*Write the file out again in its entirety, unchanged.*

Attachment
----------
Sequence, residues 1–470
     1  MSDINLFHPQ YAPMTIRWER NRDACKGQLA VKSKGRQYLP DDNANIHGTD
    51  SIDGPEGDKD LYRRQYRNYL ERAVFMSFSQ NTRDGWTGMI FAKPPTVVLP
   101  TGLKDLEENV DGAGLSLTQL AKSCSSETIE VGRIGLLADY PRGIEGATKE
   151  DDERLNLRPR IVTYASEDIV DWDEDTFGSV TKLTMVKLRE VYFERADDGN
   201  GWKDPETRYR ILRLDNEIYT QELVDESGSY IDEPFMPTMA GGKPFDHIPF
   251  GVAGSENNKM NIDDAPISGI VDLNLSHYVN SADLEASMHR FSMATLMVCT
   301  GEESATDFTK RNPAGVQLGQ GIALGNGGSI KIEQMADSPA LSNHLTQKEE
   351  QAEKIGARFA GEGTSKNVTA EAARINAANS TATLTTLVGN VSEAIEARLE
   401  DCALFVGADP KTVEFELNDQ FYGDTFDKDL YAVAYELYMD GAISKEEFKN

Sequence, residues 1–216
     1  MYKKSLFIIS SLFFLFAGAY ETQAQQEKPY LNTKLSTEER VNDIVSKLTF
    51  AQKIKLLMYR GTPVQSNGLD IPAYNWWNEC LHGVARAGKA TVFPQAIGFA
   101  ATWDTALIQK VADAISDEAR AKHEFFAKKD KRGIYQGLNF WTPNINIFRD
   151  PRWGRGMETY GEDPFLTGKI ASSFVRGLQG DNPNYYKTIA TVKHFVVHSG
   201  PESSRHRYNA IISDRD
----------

Sequence, residues 1–470
     1  MSDINLFHPQ YAPMTIRWER NRDACKGQLA VKSKGRQYLP DDNANIHGTD
    51  SIDGPEGDKD LYRRQYRNYL ERAVFMSFSQ NTRDGWTGMI FAKPPTVVLP
   101  TGLKDLEENV DGAGLSLTQL AKSCSSETIE VGRIGLLADY PRGIEGATKE
   151  DDERLNLRPR IVTYASEDIV DWDEDTFGSV TKLTMVKLRE VYFERADDGN
   201  GWKDPETRYR ILRLDNEIYT QELVDESGSY IDEPFMPTMA GGKPFDHIPF
   251  GVAGSENNKM NIDDAPISGI VDLNLSHYVN SADLEASMHR FSMATLMVCT
   301  GEESATDFTK RNPAGVQLGQ GIALGNGGSI KIEQMADSPA LSNHLTQKEE
   351  QAEKIGARFA GEGTSKNVTA EAARINAANS TATLTTLVGN VSEAIEARLE
   401  DCALFVGADP KTVEFELNDQ FYGDTFDKDL YAVAYELYMD GAISKEEFKN

Sequence, residues 1–216
     1  MYKKSLFIIS SLFFLFAGAY ETQAQQEKPY LNTKLSTEER VNDIVSKLTF
    51  AQKIKLLMYR GTPVQSNGLD IPAYNWWNEC LHGVARAGKA TVFPQAIGFA
   101  ATWDTALIQK VADAISDEAR AKHEFFAKKD KRGIYQGLNF WTPNINIFRD
   151  PRWGRGMETY GEDPFLTGKI ASSFVRGLQG DNPNYYKTIA TVKHFVVHSG
   201  PESSRHRYNA IISDRD